It was a long day getting here. I got up at 4:00 a.m., which is 12:30 a.m. here. Jane, another of my wonderful women hostesses, picked me up from the airport at noon. We had lunch and then I explored the town while she returned to work. I started at the mall where I did a little shopping and spotted a dot painting, which I now regret not purchasing. I just missed feeding time at the reptile center, but got to hold a python. Jane dropped me at the desert park where I got to spend a wonderful hour walking from aviary to aviary. I virtually had the place to myself and wished there was more time before closing.

1 April – West MacDonnell Ranges

I took a day trip to numerous spots in this colorful mountain range with only three other tourists, including the same Aussie American I chatted with on the plane yesterday; he’s taking about three weeks to hike the Larapinta Trail, something I wouldn’t consider in this heat. Our guide was very knowledgeable and shared a lot of information with us, about both local history and nature.

I got dropped off at Jane’s home and enjoyed a beer and meal with her and her co-worker, Odette. They both assured me that Cooper’s Pale Ale is the best beer in Australia and I need not look further (so far my samplings have proved them correct). It was a thoroughly enjoyable evening, much of it spent lamenting that Americans take too few vacations.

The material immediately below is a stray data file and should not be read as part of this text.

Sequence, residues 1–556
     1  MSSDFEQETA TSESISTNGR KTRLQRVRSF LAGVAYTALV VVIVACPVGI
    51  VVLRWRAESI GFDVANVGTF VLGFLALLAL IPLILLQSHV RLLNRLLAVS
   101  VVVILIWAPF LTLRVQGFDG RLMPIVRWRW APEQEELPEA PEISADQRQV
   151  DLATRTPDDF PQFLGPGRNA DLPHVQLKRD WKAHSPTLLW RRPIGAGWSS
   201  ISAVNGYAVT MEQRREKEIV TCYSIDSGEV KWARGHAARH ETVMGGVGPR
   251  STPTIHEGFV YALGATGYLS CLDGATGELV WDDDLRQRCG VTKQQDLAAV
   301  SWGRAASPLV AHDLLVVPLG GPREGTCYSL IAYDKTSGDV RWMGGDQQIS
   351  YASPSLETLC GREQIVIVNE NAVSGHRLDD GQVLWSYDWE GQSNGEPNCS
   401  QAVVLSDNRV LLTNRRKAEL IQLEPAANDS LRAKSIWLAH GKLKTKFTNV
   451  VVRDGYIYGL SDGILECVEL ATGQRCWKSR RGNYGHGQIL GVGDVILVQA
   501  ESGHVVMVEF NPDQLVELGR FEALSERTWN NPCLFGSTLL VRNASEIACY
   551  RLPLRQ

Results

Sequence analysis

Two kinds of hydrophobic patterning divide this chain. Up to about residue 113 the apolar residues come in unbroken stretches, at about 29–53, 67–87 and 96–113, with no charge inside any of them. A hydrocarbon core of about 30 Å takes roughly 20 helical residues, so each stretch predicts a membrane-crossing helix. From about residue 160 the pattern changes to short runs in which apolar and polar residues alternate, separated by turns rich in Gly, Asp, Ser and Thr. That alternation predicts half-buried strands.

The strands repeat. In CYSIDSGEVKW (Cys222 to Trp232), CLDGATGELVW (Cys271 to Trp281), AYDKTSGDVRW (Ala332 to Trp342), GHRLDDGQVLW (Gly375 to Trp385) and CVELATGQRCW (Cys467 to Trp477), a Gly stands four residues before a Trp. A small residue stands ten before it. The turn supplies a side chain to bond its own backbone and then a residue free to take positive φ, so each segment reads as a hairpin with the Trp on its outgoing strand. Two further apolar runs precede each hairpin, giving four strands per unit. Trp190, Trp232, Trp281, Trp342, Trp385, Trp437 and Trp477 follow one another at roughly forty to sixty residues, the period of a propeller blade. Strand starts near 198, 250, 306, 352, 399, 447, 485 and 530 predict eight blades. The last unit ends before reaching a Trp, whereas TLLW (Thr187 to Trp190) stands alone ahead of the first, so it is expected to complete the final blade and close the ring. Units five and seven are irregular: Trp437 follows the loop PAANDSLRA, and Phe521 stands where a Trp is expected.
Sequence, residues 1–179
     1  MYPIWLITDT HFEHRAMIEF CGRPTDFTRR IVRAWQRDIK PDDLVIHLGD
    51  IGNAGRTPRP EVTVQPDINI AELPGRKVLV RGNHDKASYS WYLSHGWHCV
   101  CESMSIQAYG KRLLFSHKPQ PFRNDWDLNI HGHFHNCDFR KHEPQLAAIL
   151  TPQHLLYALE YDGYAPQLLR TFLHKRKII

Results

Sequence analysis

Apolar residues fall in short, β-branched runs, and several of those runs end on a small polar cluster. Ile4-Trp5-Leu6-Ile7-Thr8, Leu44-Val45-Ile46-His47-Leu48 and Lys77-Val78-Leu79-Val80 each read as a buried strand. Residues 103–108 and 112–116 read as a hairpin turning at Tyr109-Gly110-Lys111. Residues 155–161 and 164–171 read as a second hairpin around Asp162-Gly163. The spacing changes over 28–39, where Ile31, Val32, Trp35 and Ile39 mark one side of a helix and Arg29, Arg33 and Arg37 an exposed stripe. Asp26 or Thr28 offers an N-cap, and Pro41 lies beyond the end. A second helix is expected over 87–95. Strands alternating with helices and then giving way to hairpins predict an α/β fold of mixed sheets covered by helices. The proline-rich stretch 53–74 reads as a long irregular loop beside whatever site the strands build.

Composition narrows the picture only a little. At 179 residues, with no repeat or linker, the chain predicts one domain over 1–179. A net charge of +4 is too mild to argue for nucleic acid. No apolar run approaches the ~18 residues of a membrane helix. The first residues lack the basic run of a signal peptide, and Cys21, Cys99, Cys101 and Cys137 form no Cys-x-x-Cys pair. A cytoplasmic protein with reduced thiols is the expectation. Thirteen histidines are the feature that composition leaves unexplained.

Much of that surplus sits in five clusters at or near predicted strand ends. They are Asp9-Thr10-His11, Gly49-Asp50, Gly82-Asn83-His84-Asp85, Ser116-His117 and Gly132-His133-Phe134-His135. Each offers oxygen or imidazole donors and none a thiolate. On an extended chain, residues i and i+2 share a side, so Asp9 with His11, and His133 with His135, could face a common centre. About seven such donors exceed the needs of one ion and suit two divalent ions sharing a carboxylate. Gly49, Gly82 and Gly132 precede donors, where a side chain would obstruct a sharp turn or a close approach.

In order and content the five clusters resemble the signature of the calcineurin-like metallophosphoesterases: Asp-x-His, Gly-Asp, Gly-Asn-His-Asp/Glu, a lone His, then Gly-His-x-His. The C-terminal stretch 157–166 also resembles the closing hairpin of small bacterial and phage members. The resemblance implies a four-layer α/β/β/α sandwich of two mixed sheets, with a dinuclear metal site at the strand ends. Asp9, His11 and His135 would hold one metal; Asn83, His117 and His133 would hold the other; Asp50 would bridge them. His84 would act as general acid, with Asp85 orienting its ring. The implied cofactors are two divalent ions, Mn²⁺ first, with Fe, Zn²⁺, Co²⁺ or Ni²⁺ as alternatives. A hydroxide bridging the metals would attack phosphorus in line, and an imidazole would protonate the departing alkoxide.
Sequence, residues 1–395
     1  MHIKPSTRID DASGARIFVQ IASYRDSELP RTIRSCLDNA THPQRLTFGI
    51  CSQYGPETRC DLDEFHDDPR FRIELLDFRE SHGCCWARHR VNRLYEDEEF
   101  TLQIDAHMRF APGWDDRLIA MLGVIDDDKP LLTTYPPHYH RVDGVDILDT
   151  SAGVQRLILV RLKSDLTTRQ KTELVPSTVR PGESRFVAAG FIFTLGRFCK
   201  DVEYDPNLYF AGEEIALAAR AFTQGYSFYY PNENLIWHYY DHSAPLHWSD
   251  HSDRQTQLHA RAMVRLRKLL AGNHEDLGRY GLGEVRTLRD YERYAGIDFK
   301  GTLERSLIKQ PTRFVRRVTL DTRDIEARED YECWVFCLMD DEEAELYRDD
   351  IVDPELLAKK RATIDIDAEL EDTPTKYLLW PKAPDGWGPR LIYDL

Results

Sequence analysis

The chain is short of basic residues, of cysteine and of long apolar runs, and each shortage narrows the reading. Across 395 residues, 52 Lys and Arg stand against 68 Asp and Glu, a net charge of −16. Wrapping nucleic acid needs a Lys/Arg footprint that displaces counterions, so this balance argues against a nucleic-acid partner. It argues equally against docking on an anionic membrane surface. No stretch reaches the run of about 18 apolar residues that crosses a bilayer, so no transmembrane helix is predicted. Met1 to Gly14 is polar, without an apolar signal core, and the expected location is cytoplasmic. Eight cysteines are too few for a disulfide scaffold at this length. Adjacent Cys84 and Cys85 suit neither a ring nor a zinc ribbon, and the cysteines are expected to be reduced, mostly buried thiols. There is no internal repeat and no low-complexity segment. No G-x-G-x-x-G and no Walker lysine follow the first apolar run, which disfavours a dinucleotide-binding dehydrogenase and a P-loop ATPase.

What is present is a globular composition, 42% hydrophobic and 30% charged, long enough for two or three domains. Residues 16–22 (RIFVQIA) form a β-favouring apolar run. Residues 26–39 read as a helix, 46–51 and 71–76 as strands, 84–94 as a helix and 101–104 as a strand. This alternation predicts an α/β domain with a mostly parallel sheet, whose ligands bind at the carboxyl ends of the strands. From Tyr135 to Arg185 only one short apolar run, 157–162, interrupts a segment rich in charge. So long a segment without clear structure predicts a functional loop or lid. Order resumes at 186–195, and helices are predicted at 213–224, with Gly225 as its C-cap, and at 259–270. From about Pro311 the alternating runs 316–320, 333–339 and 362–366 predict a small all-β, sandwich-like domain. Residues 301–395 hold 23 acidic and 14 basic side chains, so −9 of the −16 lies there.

2 April – Getting to Uluru

I was picked up at 5:40 a.m. (thank you Jane for an early ride to the rendezvous spot) for a three-day camping trip. There were twenty-one of us, the majority exchange students from other countries. There was also four people from Finland and a few Aussies, seeing Uluru for the first time.

It’s a long drive to Uluru, more than five hours, on an almost straight road. With a few stops along the way, we reached our campground in Yulara, the town just outside Uluru-Kata Tjuta  National Park, in time for lunch. Afterwards, we visited the cultural center (the land surrounding this area has been returned to the Aboriginal people and they manage it jointly with the park service), and took a couple short walks near the base of Uluru. The majority of this broad monolith is underground and what we see is one end of a giant rock formation that has been turned on end.

A light rain started right after dinner, so the majority of us, including me, rolled out our swags under the tables in the dining tent. Turns out the rain stopped shortly and we would have been fine outdoors.

3 April – Kata Tjuta

We were up at 5:00 a.m. so we could have breakfast before driving to the Kata Tjuta dune viewpoint. Kata Tjuta (“catta-jew-tah”) means “many heads” in the local Aboriginal language. (This rock formation was previously known as the Olgas). From there the sun rose behind Uluru, far in the distance.

After sunrise, we took a 7.5 km circuit in the Valley of the Winds section of Kata Tjuta. Other than my left foot, which has suddenly started killing me, it was a wonderful hike.